Elana Sztokman’s piece on Yom Hazikaron and Yom Ha’atzmaut really hit me hard. The piece, for all those that may have missed it, discusses how the holidays are emotionally manipulative. A transition from Memorial Day to Independence Day is difficult, filled with emotions of sadness and happiness.
We even have transition ceremonies to usher in Independence Day.
It’s quite different from an outside perspective.
I never thought of the massive change that occurs in the emotional atmosphere in Israel. It’s more intense in Israel, and it’s easy to see why Elana believes that it’s an emotionally manipulative experience.
Quick succession of the holidays does allow for less dwelling on the sadness and for us to get back to our lives faster. But it’s almost as if it seems forced. Ninety-five names were added to the list of soldiers killed since 1860 to bring the total to 23,741.
Memorial services are beautiful, we hear stories of loved ones that have died, and sirens blare in the air for two minutes. The country takes two minutes to mourn those that have died, and then we’re back to a day of sadness.
But it doesn’t last long.
Celebrations for Yom Ha’atzmaut begin just hours after the two-minute sirens, with everyone celebrating Independence Day. I’m not sure I’ve seen people transition from such deep morning to celebration as quickly.
The two-minute standstill is riveting for me. It’s an emotional two minutes of silence. In the States, even if we stand in silence, people are walking by, cars are honking horns – life keeps moving. But in Israel, it’s quiet and all traffic comes to a standstill. Those two minutes of remembrance are awe-inspiring because while short, they include nearly everyone.
There’s a sense of community during this time, where everyone is coming together to remember those who have fallen.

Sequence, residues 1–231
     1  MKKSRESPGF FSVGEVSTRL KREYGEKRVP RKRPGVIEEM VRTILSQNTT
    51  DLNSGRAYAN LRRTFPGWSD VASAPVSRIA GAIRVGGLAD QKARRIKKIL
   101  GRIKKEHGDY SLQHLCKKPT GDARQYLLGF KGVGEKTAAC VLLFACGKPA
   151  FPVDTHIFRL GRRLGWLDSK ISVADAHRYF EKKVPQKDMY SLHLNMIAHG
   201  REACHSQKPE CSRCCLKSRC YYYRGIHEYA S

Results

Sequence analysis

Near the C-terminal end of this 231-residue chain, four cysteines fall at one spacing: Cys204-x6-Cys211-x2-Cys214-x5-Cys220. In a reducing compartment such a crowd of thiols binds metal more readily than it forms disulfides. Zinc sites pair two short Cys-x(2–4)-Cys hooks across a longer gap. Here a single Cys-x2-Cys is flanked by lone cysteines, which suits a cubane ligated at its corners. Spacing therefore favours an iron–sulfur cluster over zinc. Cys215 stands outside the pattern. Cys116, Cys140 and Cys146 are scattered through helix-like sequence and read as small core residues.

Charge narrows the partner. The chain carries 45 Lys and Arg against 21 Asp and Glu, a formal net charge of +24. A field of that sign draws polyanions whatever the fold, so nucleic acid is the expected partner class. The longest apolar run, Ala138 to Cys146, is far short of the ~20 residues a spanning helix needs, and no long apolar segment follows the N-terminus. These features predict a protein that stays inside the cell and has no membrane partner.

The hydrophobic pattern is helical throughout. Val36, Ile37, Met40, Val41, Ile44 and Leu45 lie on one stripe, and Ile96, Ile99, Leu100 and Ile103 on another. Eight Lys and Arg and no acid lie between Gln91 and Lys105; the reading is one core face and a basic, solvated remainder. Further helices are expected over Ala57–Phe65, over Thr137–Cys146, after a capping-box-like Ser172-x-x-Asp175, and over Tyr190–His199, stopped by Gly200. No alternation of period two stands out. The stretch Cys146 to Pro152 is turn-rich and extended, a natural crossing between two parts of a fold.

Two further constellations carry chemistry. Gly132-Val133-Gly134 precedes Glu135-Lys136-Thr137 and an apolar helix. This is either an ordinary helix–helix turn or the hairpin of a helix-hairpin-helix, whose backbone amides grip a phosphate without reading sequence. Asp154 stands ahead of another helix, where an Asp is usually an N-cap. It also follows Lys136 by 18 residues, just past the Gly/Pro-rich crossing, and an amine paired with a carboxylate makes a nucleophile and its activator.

I can say that on Memorial Day in the US, it’s very different outside of the Jewish community. People may give a thought to the day, but I have never seen a community come together in the US as they do in Israel outside of 9/11.
Israelis do celebrate, with a lot of sadness and celebration in rapid succession, and it may seem forced, but it’s still a community-wide experience. Even the reading of “Magash Hakesef” is touching.
Some high schools even organize their own ceremonies and invite the parents of fallen graduates to join in on the ceremony.
It’s not about religion on this day, but rather a civil culture; a culture that is starting to disappear in the United States and elsewhere. Outside of Israel, and in the US, for example, Yom Hazikaron becomes part of Independence Day. The mix of the two, with just a short ceremony to honor the fallen or the Kaddish, almost seems as if the experience is rushed.
Israel’s quick transition of the back-to-back holidays may be emotional and “rushed,” but it’s still better than what I have experienced in the US. Israel’s community remains strong, and time is devoted to the fallen. Other countries seem to rush into celebration instead of honoring those who have died.